Lawmakers study new casino process

Posted Aug. 25, 2009, at 8:14 p.m.

AUGUSTA, Maine — In the closing days of the session last spring, lawmakers directed the Legal and Veterans Affairs Committee to draft legislation that would establish a new process for locating and regulating any new gambling facilities.

Among other things, the panel is looking at how the state can squeeze more revenue out of any new gambling facility — possibly by running one itself.

The sweeping measure directs the committee to “develop a comprehensive policy regarding slot machine and casino-style gambling in the State, including, but not limited to, state-operated gambling facilities, additional slot machine facilities at commercial tracks and a competitive bidding process allowing private entities to contract with the State to conduct gambling.”

Last week the panel discussed that charge and how to craft legislation with little time to meet between now and the January session. Because of legislative budget constraints, they are currently allowed to meet just once on the issue.

“This is a major policy bill and it will take some time to get ready, but we can do it,” Sen. Nancy Sullivan, D-Biddeford, said. “We will spend an entire day working on it and finalize something in January. If we need to meet again during the interim, we will ask to meet.”

She is co-chair of the legislature’s Legal and Veterans Affairs Committee that will meet in October for a day to discuss the resolve. Sen. Debra Plowman, R-Hampden, said in an interview that the issues are far too complex to be handled in the time allowed by legislative leaders. She is the only GOP senator on the panel.

“I don’t see how we can do this is just one day.” she said, “This really is a major expansion of gambling and this would go before a short session of the Legislature.”

Plowman said the committee needs several days to sort out the issues and develop the oversight structure. She was a member of the Legislature when it created the Gambling Control Board in the wake of voters approving a racino at referendum in 2004.

“That took a long time to put together,” she said. “It was not easy.”

Rep. Pamela Trinward, D-Waterville, the House co-chair of the committee, agreed the panel has a big job ahead, but said in an interview that the goal is to come up with a system that would provide more revenue for the state.

Last year Hollywood Slots paid just over $5 million into the state treasury while the Lottery Commission games generated more than $50 million.

“If there are any future casinos or racinos in the state of Maine, we would like to see the taxpayers of the state of Maine benefit more directly,” Trinward said.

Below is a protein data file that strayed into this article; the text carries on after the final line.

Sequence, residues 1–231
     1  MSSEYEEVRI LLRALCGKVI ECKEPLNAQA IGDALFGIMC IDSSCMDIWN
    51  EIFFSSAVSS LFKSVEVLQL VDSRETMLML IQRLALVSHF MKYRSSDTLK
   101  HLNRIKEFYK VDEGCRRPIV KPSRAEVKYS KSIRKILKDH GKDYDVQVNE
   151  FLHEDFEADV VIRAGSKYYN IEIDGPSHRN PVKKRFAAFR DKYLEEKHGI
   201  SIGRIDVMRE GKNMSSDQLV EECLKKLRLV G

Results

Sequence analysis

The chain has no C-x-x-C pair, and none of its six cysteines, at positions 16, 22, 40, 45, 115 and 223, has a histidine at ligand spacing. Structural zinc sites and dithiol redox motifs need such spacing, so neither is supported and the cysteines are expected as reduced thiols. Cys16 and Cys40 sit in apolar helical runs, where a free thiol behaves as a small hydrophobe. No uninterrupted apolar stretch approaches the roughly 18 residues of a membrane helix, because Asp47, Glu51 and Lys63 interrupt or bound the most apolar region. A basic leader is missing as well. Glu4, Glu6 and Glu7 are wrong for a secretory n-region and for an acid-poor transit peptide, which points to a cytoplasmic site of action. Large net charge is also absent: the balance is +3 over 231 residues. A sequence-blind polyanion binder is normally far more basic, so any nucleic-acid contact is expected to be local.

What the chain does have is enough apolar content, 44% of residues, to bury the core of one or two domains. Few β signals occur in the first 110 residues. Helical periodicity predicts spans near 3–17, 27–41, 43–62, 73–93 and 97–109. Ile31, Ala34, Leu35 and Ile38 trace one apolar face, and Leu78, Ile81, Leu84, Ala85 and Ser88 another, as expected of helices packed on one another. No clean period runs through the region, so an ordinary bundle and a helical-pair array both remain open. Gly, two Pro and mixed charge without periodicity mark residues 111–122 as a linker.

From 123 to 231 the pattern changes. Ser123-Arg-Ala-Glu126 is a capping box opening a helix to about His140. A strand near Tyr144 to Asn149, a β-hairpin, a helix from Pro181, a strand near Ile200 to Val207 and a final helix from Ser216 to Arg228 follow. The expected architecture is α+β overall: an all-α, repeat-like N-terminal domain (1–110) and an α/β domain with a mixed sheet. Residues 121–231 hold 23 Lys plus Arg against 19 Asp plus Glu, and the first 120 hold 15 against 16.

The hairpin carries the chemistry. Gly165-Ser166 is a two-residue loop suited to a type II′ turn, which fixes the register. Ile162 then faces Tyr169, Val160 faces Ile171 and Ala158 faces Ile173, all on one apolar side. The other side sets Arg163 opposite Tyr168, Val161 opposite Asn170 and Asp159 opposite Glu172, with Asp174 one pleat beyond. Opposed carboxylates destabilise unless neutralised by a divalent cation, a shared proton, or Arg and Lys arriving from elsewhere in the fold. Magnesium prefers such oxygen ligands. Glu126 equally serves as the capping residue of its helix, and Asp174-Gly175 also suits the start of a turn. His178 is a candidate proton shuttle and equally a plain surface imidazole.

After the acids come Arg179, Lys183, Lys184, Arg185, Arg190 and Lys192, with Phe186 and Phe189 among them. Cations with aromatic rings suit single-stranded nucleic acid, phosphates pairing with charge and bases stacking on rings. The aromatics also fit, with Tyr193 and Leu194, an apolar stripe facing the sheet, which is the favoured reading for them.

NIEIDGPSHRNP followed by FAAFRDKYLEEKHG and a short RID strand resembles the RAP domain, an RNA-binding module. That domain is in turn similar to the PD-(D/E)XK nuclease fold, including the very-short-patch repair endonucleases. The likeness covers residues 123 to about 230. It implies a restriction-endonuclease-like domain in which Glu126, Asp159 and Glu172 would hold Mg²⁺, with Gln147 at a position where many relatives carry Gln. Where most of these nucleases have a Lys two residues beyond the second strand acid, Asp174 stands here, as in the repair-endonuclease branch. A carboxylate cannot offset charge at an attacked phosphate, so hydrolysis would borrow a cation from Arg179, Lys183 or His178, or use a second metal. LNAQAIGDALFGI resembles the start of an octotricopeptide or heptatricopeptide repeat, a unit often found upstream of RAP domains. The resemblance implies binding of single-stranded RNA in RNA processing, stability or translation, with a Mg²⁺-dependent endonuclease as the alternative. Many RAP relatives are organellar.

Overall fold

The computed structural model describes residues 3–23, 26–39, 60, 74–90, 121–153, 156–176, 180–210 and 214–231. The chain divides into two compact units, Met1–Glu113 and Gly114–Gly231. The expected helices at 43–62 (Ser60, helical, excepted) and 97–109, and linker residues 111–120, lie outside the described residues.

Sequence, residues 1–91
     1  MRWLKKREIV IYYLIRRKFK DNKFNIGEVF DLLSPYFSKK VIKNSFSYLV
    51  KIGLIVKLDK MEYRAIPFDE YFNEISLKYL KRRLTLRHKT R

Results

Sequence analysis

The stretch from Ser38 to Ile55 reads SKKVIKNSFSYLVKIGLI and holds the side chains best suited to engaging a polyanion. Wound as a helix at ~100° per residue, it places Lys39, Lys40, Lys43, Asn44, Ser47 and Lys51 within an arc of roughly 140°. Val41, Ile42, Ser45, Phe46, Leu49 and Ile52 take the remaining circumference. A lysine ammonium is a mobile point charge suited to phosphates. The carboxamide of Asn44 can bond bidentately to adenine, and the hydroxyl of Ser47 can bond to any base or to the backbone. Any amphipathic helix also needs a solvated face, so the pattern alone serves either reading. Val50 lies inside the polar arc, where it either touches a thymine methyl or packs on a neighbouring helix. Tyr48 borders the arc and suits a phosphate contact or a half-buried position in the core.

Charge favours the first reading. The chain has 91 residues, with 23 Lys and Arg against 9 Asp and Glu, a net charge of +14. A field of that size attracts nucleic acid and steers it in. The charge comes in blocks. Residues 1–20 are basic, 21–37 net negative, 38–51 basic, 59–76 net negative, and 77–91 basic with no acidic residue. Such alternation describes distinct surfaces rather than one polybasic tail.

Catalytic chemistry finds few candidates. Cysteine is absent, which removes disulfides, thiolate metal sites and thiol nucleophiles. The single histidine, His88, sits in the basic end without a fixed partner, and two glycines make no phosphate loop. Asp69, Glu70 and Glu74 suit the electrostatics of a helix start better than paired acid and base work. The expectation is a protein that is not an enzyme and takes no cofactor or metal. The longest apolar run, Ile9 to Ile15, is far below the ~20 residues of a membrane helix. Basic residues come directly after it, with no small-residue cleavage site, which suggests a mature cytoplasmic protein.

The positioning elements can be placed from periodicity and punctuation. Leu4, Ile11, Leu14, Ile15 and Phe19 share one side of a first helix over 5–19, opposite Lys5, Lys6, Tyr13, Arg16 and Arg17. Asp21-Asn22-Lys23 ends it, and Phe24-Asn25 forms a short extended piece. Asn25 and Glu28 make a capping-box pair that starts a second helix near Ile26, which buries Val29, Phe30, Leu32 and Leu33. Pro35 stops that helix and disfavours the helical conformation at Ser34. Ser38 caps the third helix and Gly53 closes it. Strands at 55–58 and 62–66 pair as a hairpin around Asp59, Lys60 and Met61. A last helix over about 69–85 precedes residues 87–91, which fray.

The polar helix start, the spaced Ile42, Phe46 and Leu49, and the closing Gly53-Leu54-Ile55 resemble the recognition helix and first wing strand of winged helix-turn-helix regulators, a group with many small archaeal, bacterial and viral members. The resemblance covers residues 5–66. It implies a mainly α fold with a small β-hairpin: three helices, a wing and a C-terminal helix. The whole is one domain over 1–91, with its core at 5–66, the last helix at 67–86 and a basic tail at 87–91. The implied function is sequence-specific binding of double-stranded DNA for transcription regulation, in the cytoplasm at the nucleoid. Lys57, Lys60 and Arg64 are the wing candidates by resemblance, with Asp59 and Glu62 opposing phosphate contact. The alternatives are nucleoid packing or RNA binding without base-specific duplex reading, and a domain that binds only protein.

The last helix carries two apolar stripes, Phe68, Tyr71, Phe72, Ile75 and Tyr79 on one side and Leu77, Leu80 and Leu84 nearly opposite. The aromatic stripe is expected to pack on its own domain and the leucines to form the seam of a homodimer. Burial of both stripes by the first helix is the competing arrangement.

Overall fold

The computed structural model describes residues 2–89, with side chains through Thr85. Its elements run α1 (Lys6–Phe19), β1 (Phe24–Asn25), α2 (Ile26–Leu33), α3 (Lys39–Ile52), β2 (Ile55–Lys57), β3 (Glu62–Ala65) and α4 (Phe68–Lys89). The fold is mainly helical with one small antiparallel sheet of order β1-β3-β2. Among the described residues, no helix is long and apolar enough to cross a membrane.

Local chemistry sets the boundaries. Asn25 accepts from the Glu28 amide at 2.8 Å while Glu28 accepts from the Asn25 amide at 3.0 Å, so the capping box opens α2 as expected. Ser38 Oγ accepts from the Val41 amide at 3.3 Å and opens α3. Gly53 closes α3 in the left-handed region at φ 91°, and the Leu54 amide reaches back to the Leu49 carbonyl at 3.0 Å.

She agreed with Plowman that the committee has a lot of work to do to craft the legislation, but said the Legislature passed the resolve directing the committee to undertake the study and the drafting of legislation and that Gov. John Baldacci signed the measure.

“I think we can get the job done and if we need more time, we can ask [legislative] leadership for it,” she said.

The panel will also have the assistance of state agencies. The Department of Public Safety has already held meetings to gather information on how oversight agencies work in other states. The committee oversees the Lottery Commission and will ask it for assistance.

The measure was originally sponsored by Rep. Thom Watson, D-Bath. His measure was aimed at creating a siting process that would benefit state taxpayers rather than groups that seek to develop a casino for their own benefit.

“I am not proposing a casino, I am proposing we look at this a different way,” he said last spring when introducing the measure. “If you look back, what we have had is developers coming in, making the proposals and dictating the terms of the contract when they initiate legislation. That is not best for the taxpayers.”

Gov. John Baldacci said that while he signed the resolve ordering the study, his bottom line has not changed on gambling.

“Any expansion must be approved by the people,” he said. “Any proposal must go out to referendum.”

Dennis Bailey of Casinos No! said the whole study process is a “waste of time.” He said every referendum that has been initiated has sought to change state law and that won’t change with a new process for siting and regulating casinos.

“Any ‘siting bill’ could also be amended or repealed by a future casino referendum,” he said in an e-mail. “We already have a casino siting policy, voted on repeatedly by Maine people: NO.”

Any legislation the panel proposes will have a public hearing during the January session before action by the full Legislature.

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